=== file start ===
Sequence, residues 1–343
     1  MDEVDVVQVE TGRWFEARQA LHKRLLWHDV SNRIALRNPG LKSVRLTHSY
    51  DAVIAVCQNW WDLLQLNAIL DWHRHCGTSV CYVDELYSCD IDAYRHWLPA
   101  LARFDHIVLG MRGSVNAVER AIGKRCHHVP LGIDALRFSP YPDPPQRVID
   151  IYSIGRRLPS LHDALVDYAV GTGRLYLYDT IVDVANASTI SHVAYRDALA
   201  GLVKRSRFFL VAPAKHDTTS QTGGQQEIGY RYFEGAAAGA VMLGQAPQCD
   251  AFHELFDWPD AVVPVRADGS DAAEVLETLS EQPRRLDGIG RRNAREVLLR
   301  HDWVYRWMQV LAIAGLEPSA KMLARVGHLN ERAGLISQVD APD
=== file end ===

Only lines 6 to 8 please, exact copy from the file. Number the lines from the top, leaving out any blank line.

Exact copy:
   201  GLVKRSRFFL VAPAKHDTTS QTGGQQEIGY RYFEGAAAGA VMLGQAPQCD
   251  AFHELFDWPD AVVPVRADGS DAAEVLETLS EQPRRLDGIG RRNAREVLLR
   301  HDWVYRWMQV LAIAGLEPSA KMLARVGHLN ERAGLISQVD APD